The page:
From the Couch Hole: Can You Hear Me?

Previously on FTCH, we were on vacation and Midnight Mass comes at night with dream and reality. Home was Ding Dongs and Gerald’s Game. It’s hard to get back on task after such a wonderful little vacation. Lots of love for the Midwest and their people to make me feel so comfortable. Back for three weeks until I head North again for the wedding. This week we are back, a thinner hombre with some tales from the crypt to share. It’s a code red Monster cereal and we are sailing home. Remember, when you’re with FTCH, have a yabba-dabba-doo time, a dabba-doo time.

Pop Culture Ephemera

‘“You were starting to sound a little like a Stephen King novel for a while there,” – Billy
  • Richard Bachman (Stephen King) – Thinner (1984) (Signet): “The definition of an asshole is a guy who doesn’t believe what he is seeing.” – Ginelli. This is the last book written by Stephen King under the pseudonym of Richard Bachman before he was exposed. Truth is that unlike the earlier Bachman novels like The Long Walk (1979), this one smacks of King at almost every corner. Mentions of Cujo and a clown with a balloon (this published not longer before IT) make it seem like he wants you to piece together the clues. The story of obese Billy Halleck and his out-of-control weight loss that comes from a Romani (referred to in the ’80s as “gypsy”) curse as punishment for running over an old Romani woman with his car. The book is only a little more than a novella in length. I starts quickly and the weight loss comes at a frenetic pace to start. It slows down in the middle as we meet an interesting Mafia character in Ginelli. The story is a bit like one out of EC Comics mixed with a good dose of “The Monkey’s Paw”. But there’s some nice King touches that will surface in future books all the way through characters in Elevation (2018) (another weight-related story) and Billy Summers (2021) as the character debates when it is acceptable to use violence to solve a personal problem. An enjoyable and quick read that isn’t too taxing on the brain.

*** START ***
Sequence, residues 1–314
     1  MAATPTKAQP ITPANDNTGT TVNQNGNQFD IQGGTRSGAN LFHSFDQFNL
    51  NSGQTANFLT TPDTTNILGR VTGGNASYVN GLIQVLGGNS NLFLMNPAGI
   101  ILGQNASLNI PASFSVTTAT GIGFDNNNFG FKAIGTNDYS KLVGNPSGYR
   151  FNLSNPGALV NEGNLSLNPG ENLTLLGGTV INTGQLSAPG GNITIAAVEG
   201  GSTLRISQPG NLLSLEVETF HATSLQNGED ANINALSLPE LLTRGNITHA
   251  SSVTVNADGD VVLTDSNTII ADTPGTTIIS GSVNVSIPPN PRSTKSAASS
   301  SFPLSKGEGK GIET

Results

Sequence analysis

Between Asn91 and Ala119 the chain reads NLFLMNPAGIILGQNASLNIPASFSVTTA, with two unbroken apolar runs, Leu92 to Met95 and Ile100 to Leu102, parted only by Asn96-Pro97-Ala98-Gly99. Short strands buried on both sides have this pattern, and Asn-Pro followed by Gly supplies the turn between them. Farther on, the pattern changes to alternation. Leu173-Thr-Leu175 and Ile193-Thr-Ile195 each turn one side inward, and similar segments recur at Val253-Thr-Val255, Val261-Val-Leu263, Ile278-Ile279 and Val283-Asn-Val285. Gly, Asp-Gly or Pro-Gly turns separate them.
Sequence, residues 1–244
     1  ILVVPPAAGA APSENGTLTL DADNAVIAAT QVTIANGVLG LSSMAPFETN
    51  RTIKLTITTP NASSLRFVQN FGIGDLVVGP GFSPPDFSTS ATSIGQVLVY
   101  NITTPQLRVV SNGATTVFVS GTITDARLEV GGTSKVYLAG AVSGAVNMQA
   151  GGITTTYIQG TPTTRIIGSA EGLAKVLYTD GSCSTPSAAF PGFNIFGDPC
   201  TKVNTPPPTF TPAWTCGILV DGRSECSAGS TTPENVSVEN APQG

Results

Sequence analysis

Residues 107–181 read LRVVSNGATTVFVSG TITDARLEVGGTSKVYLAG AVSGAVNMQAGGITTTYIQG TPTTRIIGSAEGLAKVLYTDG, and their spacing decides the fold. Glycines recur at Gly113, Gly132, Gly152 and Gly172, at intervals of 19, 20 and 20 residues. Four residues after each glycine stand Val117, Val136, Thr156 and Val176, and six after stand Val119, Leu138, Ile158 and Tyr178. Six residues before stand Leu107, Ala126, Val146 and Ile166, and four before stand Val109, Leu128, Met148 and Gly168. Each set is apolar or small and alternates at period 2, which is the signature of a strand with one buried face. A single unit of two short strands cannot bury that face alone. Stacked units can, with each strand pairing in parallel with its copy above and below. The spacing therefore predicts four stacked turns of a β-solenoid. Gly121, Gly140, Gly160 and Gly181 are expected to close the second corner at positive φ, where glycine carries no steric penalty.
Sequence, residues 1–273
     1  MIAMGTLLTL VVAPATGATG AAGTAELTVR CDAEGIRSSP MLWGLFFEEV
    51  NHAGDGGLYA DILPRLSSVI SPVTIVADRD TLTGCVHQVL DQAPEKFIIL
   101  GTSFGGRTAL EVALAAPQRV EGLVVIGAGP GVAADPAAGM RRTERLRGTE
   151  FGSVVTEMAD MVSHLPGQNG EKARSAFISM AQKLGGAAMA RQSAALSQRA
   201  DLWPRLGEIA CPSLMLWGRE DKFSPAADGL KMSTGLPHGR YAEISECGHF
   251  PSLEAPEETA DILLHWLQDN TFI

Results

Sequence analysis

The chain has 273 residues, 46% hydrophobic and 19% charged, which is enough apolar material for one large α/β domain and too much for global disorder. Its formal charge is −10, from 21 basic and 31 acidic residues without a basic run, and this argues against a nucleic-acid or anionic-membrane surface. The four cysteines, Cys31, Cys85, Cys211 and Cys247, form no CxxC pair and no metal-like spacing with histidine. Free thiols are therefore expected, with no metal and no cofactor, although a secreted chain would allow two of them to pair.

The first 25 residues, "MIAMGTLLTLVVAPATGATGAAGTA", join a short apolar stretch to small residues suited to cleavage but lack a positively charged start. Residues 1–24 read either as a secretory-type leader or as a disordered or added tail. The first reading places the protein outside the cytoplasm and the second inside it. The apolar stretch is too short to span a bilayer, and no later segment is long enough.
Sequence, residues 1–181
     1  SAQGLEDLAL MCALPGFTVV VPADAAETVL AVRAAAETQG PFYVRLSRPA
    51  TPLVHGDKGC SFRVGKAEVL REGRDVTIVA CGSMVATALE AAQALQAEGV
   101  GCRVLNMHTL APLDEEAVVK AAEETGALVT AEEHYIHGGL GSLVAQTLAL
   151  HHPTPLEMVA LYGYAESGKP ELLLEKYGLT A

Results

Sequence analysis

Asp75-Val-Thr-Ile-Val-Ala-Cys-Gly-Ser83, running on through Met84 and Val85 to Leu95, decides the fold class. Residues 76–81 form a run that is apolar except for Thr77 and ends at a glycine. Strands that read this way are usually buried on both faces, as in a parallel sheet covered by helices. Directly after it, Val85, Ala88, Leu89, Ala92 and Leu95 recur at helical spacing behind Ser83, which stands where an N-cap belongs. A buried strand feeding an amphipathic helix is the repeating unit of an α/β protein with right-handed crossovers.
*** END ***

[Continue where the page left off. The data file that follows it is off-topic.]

• Back – “Episode One” / “Episode Two” (S.1 E.1 / 2) (SUNDANCE) (2017): “I am hugely into Jesus now.” – Ellen. I love Mitchell and Webb. My first introduction was through Peep Show (2003-2015). This show is created by Simon Blackwell who also created Peep Show, Veep, and Breeders. The comedy is dry humor and uncomfortable situations. Stephen (David Mitchell) is set to inherit The John Barleycorn (the family-run pub) with the death of his father. Andrew (Robert Webb) returns as a foster child of the family from his youth and put the plans in doubt. Their previous series satirized the sitcoms of roommates in their twenties living together. This series expands on that to have some great observational humor about being in your forties and in a small town. The family dynamics are great and I love the chemistry between Mitchell and Webb. Highly recommended.
  • Rod Stewart – “Sailing” (1975) (from Atlantic Crossing): “We are sailing, we are sailing / Home again / ‘Cross the sea.” – Rod Stewart. What a flexible song. It’s loved as some people’s favorite song and hated as the worst song ever. It’s celebrated for weddings and anniversaries, and it’s played at funerals and remembrances. It’s a timeless song for me because of the richness of Rod’s voice. I love the “home” motif that can be the literal religious elements of the lyrics or it also interprets well as the return from a distance to a place or person that feels like “home.” Originally released and written by the Sutherland Brothers, this was a huge UK hit for Stewart, sitting at Number One for four weeks. It’s a nice trip through stormy waters today.
“I am sailing / Stormy waters / To be near you.” – Rod Stewart
  • Hombre (1967) (Directed by Martin Ritt): “The dead are dead. You ought to bury them.” – Russell. Based upon the Elmore Leonard novel and starring Paul Newman. I watched this years before reading the book and now having recently read the book, I’m appreciating it even more. Martin Ritt and Paul Newman had worked together on five previous films and Ritt knows just how to let Newman act with his face and eyes. The plot sticks pretty close to the book and even improves upon the characterization of the supporting actors with a longer introduction before the wagon pulls out on its doomed journey. The standoff between the bandits and Russell (Newman) and the members of their wagon is worthy of some of the best crime films of the modern era. The supporting cast holds this film together with Richard Boone, Frederic March, Martin Balsam, Cameron Mitchell, and Barbara Rush standing out. These Revisionist Westerns that flip the genre away from simple cowboys and Native American conflicts are really some of my favorites.
“Mister, you’ve got alot of hard bark on you walkin’ down here like this.” – Grimes